Prairie Lights: A few more details for Outside readers

Outdoors

F. Jay Haynes, Haynes Collection, Montana Historical Society

Billings was really an outdoors town in 1894, when in fact there was hardly any indoors at all.

The profile of Billings written for Outside magazine, hailing this burg as the winner of the magazine’s Best Towns 2016 contest, covered a lot of ground in a short space.

The writer talked to some good people, hit many of the highlights and did a good job of telling Outside readers that Billings was a bit different from past Best Towns winners.

Ed

Ed Kemmick

He noted that housing prices are a lot lower here than in Bozeman and Missoula, that Billings is still an energy and agricultural center and that ours is a “scrappy” city. All true.

And yet, speaking from the perspective of someone who has been here more than 25 years, I couldn’t help feeling that there was also much that was missed, that people who’ve never been to Billings might need a little more information if they’re thinking of moving here. So, here’s what I would tell them, after they read the Outside piece:

Billings is a mixed-up town. It is the biggest city in the state, but it has long struggled over whether to think of itself as an actual city or an accidental conglomeration of 100,000 individuals.

It is a city with two good colleges, but Missoula and Bozeman have the “real” colleges, the ones with big campuses, thousands upon thousands of out-of-state students and football teams that give Montana the nearest thing to big-time professional sports.

We love our river parks, but the biggest one, Riverfront, is centered on an abandoned gravel pit and another, Coulson, used to be the city dump. The message is clear: we’ll give you parkland, but only after we’ve squeezed everything of economic value out of it.

The Yellowstone itself, which everyone loves to describe as the longest undammed river in the lower 48 states, can be a lot of fun, but as it flows through Billings it is a heavily riprapped industrial corridor. You’re welcome to swim in it, but watch out for car bodies, giant concrete slabs and disembowelment devices known as rebar.

As for the more traditional city parks, there are some damned fine ones, but city laws forbid you from walking your dog through them, even on a leash. No kidding.

And though this is a town where people are always lamenting how we lose our young people to other states, a substantial number of Billingsites were outraged when the city grudgingly allowed a disc golf course to be built in Pioneer Park. There were complaints of damage to trees, drinking in the park, rampant public urination and fears that law-abiding citizens might get bonked on the noggin by flying discs (invariably called “Frisbees” by opponents, naturally).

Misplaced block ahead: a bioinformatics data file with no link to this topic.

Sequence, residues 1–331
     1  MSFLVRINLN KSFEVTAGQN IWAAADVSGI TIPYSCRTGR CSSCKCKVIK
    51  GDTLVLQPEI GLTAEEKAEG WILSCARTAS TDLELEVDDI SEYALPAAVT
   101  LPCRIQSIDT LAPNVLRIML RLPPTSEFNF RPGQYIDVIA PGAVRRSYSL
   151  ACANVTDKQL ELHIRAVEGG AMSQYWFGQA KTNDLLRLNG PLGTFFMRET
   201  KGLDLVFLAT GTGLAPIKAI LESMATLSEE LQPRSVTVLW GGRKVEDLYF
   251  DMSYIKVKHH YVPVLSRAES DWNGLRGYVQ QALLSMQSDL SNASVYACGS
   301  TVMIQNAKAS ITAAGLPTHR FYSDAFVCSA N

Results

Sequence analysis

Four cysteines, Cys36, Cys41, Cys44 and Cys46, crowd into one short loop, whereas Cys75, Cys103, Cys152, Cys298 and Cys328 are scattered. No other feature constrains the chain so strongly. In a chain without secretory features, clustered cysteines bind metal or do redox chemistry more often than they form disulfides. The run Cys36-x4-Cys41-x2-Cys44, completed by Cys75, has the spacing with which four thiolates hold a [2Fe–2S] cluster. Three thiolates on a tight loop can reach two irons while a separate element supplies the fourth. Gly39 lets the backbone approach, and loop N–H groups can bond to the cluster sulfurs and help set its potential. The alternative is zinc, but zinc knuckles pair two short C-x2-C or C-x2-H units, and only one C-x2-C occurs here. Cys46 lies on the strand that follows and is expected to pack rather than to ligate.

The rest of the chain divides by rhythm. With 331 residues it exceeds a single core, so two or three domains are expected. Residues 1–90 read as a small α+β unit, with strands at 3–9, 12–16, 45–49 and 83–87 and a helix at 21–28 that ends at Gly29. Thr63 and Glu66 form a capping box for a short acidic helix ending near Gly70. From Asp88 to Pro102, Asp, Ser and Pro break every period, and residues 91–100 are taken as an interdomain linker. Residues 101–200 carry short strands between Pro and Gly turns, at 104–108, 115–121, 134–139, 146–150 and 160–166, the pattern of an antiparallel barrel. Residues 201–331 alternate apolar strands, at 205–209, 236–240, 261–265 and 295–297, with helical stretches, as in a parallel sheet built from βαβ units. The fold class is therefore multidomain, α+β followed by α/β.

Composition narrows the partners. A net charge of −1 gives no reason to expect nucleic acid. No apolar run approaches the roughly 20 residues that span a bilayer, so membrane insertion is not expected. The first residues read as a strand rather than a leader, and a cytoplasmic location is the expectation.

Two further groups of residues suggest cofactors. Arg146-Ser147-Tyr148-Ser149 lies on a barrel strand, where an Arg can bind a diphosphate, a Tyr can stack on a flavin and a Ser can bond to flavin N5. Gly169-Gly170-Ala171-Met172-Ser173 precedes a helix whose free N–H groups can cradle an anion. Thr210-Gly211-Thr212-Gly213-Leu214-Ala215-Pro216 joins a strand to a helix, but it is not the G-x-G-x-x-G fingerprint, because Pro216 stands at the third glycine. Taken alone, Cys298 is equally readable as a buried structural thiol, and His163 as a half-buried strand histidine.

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Really, though? I think a lot of people just didn’t like to see young people having so much fun, in the middle of the day no less, when they should have been flipping hamburgers, apparently.

Speaking of hamburgers, Outside magazine mentioned a couple of restaurants making fresh, fine meals with ingredients obtained locally. That’s true, too, and Billings now has seven or eight restaurants serving such food—almost all of them downtown.

But let’s not kid ourselves: This is still a town that absolutely loves its chain restaurants. On the Billings Gazette’s Facebook page, a recent story about the opening of a Five Guys burger joint had more than 2,000 likes, 840 shares and 360 comments. The opening of a Popeyes created a similar stir.

And Billings is in a state where people will drive for five hours to eat at an Olive Garden.

Did we mention our City Council? That august body defeated a nondiscrimination ordinance two years ago. As Mayor Tom Hanel explained, “I do not think Billings is ready at this time” to prohibit discrimination against gay, lesbian, bisexual and transgender people.

So, if you’re an outdoors person, one of those young, well-off, entrepreneurial types who wants to come here and start a business, but your sexuality is not on the approved list, just hang on. We’ll let you know when we’re ready for you.

I don’t want to be too negative here, or to discourage people from considering a move to Billings, but I think it’s only fair that they know what they’re in for.

On the other hand, is it really much different in Bozeman or Missoula? They were considered outdoorsy towns long before anyone thought of elevating Billings to their ranks, but both cities, like Billings, have pockets of young, Columbia-clad craft-beer drinkers surrounded by much larger populations of Bud-swilling, Popeyes-eating “regular” folks.

The real difference is mostly in attitude. Missoula and Bozeman have been winning “best-town” and similar contests for so many years that locals have learned to disdain the attention, and to wish they could persuade outsiders, and Outside magazine, to just leave them alone.

We may reach that jaded state ourselves, one of these days. For now, though, I think it’s safe to say, we wallflowers here in Billings are enjoying all the attention.

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